In Playing With Movement, author Todd Hargrove shares how worry can lead to the exact outcome we're trying to avoid:
"In many situations, worrying about a bad outcome will make it more likely. Fear is the enemy, and playing with risk is a way to learn to master it."
In Stillness is the Key, author Ryan Holiday explores a similar idea:
"Whatever you face, whatever you’re doing will require, first and foremost, that you don’t defeat yourself. That you don’t make it harder by overthinking, by needless doubts, or by second-guessing."
When I was actively performing music, I could relate with this concept when playing new songs or revisiting old ones. I'd get anxious about forgetting the lyrics, so I'd do everything I could to embed them in my mind. I refused to stand on stage with my own lyrics written on a piece of paper as a guide. It felt inauthentic as a songwriter and performer. I wanted the audience to feel my relationship with the words I sang, and I thought this would get in the way.
Once I got on stage, the show would go in one of two ways:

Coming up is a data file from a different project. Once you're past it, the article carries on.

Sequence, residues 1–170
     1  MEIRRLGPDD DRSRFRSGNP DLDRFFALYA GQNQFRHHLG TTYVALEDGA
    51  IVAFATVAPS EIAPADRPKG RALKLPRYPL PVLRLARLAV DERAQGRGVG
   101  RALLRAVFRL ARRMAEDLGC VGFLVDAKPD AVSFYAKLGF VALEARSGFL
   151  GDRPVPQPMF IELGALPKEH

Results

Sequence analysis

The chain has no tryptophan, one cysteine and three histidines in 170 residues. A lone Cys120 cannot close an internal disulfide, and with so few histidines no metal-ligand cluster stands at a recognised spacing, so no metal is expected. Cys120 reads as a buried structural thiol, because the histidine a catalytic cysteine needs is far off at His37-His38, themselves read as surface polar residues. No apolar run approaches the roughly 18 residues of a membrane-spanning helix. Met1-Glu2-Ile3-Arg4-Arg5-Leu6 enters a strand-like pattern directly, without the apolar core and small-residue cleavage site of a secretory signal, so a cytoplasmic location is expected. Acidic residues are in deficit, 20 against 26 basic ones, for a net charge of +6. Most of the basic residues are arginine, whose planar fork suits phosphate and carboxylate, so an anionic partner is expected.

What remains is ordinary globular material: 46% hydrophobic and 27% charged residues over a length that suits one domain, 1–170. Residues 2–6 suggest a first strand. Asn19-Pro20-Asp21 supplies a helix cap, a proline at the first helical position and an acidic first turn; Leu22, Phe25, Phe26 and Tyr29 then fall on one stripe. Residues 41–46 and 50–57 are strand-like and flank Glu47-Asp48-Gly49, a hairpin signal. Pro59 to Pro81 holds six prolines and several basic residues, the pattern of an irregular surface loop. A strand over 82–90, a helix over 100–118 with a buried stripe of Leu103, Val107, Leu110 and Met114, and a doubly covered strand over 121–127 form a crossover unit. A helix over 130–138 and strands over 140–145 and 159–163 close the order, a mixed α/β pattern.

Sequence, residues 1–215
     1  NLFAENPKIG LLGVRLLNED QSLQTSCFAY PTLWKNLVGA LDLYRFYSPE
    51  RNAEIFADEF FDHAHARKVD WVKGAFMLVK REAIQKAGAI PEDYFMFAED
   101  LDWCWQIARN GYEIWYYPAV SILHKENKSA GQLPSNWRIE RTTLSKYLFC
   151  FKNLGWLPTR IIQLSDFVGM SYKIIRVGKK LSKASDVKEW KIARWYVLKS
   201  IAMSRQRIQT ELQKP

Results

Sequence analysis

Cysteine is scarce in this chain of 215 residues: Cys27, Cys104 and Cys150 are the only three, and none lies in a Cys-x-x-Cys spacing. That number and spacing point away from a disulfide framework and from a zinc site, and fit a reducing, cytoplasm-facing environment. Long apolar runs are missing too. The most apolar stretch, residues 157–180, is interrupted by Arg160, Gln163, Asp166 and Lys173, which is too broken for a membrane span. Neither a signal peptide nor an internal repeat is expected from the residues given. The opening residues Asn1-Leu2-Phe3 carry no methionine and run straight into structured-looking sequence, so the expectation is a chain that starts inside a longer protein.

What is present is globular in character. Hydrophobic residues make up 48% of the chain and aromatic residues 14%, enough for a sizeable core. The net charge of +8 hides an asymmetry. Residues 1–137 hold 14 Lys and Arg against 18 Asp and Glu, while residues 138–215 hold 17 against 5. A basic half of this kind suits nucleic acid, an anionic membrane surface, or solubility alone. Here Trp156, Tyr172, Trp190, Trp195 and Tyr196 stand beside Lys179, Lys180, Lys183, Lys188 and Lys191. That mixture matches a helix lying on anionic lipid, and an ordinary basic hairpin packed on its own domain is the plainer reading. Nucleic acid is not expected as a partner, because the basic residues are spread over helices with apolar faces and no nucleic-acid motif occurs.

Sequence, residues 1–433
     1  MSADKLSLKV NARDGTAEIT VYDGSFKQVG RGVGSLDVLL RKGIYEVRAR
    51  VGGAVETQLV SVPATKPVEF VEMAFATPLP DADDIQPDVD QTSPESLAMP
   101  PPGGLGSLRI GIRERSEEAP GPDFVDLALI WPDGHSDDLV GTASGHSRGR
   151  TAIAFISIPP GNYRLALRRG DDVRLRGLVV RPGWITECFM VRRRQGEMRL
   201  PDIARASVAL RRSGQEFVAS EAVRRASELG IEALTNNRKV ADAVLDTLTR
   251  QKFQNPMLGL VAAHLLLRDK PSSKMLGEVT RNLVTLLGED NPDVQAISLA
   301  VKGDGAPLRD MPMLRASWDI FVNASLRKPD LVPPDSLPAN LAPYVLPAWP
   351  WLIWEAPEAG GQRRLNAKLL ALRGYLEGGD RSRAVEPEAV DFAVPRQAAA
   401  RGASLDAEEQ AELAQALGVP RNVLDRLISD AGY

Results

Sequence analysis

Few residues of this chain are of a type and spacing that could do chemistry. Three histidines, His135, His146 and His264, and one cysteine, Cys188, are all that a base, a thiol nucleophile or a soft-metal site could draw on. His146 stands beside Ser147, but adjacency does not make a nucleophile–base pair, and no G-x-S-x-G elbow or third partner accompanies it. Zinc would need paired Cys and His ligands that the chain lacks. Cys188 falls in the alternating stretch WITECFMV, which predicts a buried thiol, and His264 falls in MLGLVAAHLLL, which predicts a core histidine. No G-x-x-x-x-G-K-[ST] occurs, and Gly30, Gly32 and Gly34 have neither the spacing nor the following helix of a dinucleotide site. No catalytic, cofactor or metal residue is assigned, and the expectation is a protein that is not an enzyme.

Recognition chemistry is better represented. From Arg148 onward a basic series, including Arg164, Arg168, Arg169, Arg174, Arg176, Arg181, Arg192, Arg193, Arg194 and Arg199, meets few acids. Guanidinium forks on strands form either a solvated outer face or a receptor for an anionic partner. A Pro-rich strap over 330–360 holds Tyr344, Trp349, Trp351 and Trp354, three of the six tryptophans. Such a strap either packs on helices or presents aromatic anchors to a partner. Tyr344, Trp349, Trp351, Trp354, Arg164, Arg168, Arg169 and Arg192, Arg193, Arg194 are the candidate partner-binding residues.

It didn't matter how I prepared or how much time I put in; mindset was everything.
I've come to apply this concept to so many aspects of life; building new habits, acquiring skills, presenting my ideas, and truthfully, experiencing life. I remember feeling nervous when going to get my motorcycle license until realizing that there was nothing more I could do to prepare. When it came time to take the test, I took a deep breath and drove like I would any other day. I passed.
I believe that when we overthink what we're doing, it's hard to give it our best shot. We can't get in the flow because we're too focused on getting it "right." As a result, we get it wrong.
While it's unrealistic for me to think that I'll never get nervous about anything again, I've decided to trade my doubts and concerns for commitment to myself and my growth. Once I decide to go after something, I've learned it's best to go all in.